Opponents are directing their efforts to amending Colorado’s constitution to give local governments the power to ban or restrict oil and gas drilling, now permitted by state law, and require more distance between wells and structures.
Language for the measures is to be presented to the Secretary of State’s office today for approval. Proponents must then collect about 86,000 signatures to put the measure on the ballot, according to the secretary’s office.
Energy operators say several proposals that would transfer regulatory control over oil and gas activities to local governments could lead, in effect, to a statewide fracing ban. Proponents say they’re seeking to give cities and counties more leeway in protecting their residents.
“I’m not anti-fracing, I’m pro-health,” said Kelly Giddens, a Fort Collins resident and a proponent of a local-control measure.
“We aren’t telling the communities they have to regulate oil and gas more than the state does,” she added. “It’s strictly about giving them the constitutional protections, as a community, to be able to regulate oil and gas as they see fit.”
A measure Giddens is promoting would specifically permit localities to enact “bans or moratoria on hydraulic fracturing.” Several proposed measures would also increase setbacks for wells up to 2,640 ft (840 m) from occupied structures. Current state regulations set the distance at 500 ft.
Haubert, speaking for the oil companies, said local governments already have a hand in the energy development process through requirements for permits and discussions about how drilling would impact roads. This is on top of stringent state regulations, he said.
“People think local and municipal governments are not involved,” he said. “We need to let people know it’s another one of those myths.”
Anadarko and Noble, through their energy development organization, argue in advertisements that the oil and natural-gas industry generated almost $30 bn for Colorado’s economy in a year, and that fracing has been used safely for more than 60 years. A six-page supplement to the Denver Post on Feb. 16, labeled “Energy & Environment,” included articles titled “Chemical-free process cleans up water from fracing,” and “Energy is a big benefit to Colorado’s bottom line.”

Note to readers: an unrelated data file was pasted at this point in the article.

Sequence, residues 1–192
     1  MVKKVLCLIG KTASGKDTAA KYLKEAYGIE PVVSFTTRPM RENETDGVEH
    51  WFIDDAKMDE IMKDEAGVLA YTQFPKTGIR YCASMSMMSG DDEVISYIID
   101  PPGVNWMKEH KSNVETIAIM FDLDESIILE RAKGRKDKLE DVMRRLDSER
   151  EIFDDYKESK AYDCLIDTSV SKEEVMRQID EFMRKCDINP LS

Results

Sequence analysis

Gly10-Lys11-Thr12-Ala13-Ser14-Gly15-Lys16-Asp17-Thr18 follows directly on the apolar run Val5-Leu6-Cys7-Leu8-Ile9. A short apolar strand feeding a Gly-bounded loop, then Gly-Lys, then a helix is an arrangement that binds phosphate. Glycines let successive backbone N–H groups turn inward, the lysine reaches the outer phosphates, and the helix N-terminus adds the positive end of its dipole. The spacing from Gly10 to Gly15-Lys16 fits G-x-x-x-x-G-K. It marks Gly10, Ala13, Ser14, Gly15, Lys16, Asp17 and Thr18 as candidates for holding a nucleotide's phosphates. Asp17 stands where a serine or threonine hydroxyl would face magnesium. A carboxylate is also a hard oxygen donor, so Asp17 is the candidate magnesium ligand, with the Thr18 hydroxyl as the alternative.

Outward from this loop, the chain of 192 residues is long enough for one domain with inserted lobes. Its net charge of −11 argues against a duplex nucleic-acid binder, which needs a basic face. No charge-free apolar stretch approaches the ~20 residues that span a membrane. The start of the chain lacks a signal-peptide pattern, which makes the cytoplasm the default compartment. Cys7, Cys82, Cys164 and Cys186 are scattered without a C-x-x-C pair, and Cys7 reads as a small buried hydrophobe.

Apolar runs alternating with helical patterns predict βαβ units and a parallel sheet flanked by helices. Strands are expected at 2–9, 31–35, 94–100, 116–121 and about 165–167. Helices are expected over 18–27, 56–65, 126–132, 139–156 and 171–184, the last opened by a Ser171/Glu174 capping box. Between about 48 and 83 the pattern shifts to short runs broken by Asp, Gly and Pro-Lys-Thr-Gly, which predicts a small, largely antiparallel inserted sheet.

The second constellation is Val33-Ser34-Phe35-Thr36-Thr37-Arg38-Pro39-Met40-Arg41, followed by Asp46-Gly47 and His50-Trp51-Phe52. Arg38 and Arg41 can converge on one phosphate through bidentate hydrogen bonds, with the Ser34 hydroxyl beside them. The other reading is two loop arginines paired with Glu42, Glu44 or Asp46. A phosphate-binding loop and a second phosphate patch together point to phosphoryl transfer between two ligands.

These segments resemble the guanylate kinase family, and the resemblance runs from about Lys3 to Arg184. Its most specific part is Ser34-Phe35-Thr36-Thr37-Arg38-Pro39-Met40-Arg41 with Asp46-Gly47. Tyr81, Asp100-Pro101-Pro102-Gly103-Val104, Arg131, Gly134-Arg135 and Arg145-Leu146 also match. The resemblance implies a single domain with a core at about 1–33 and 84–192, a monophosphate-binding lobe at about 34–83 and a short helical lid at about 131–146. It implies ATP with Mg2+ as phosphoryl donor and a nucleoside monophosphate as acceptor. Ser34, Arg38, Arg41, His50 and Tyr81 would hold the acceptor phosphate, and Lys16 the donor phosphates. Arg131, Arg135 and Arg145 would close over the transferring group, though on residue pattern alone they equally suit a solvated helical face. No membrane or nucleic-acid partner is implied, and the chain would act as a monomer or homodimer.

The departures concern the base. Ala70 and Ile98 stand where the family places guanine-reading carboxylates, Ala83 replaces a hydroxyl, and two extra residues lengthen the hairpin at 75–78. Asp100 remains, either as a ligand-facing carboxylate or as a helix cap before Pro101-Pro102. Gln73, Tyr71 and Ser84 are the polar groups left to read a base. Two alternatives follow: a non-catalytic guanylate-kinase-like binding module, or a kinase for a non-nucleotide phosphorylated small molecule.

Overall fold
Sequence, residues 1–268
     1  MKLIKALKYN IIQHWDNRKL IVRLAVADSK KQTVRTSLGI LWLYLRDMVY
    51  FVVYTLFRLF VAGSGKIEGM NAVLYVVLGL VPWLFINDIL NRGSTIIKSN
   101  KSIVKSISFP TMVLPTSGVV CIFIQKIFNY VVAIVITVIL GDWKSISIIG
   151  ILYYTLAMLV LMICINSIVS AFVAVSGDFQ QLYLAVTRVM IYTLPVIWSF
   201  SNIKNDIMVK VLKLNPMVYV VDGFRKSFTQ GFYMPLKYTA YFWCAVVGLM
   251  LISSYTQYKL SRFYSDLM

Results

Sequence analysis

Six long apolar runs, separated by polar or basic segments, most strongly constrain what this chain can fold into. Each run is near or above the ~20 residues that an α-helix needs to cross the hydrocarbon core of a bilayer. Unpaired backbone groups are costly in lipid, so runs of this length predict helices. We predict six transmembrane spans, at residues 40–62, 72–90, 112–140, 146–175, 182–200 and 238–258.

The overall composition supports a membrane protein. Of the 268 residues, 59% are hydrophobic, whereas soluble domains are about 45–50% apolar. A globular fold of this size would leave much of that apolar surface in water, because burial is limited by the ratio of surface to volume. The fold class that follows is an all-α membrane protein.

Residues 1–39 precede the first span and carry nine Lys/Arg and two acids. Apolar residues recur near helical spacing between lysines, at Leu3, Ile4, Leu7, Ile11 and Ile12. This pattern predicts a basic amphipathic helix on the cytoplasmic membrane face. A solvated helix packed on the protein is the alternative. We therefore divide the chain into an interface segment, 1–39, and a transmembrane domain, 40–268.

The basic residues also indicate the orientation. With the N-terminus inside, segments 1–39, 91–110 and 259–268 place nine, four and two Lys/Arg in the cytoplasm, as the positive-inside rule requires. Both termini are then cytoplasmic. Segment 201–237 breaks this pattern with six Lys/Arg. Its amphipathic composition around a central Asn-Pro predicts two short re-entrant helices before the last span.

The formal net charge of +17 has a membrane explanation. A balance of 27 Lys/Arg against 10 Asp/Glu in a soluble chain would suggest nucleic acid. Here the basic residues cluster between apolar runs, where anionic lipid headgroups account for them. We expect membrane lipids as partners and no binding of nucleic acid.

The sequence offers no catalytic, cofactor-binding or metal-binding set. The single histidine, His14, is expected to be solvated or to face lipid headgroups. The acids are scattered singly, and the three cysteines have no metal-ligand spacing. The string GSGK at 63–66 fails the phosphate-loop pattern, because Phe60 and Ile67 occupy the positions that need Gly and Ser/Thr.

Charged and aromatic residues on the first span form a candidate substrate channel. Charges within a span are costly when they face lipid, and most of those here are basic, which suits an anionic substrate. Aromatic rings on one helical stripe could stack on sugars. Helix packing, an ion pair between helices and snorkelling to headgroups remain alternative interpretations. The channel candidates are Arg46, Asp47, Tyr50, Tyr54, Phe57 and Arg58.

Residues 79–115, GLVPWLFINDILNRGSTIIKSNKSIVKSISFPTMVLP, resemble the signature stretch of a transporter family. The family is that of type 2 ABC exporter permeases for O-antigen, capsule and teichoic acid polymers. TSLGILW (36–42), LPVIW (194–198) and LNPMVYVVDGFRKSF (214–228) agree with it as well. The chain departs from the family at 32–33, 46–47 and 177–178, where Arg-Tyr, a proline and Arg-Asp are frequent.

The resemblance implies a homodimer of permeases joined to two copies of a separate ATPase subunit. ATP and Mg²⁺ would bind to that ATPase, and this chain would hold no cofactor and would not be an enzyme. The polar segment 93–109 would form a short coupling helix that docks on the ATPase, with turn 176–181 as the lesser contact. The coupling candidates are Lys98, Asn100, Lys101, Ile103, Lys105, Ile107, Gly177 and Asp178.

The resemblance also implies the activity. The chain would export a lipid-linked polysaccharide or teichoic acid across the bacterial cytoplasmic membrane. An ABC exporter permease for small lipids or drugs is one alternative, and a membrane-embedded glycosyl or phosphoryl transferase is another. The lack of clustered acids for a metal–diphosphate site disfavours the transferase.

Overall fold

Anadarko and Noble undertake 80% of all operations in the Denver-Julesburg basin, a rich source of oil and gas in eastern Colorado. Anadarko operates about 5,000 wells there and said it expects to invest $2 bn in the region this year. Noble runs about 8,000 wells in the basin and plans to invest $12 bn over the next five years.
Drilling in the basin has helped propel Colorado to the nation’s sixth-largest natural-gas producer and ninth-biggest oil producer.
A March study found Colorado could lose $8 bn in gross domestic product and 68,000 jobs in the first five years if hydraulic fracturing were banned statewide. The analysis, by the Boulder-based Leeds School of Business at the University of Colorado, estimated losses in tax revenue at $567 million over the first five years if energy development were curtailed.
The industry public-relations campaign is directed at lawmakers as much as it is at residents, said Amy Mall, a senior policy analyst at the New York-based Natural Resources Defense Council, a nonprofit environmental group.
“It reminds politicians this industry has a lot of money to spend in favor of, or against, politicians,” she said. “I don’t think it’s convincing people in communities that this is a safe, clean industry.”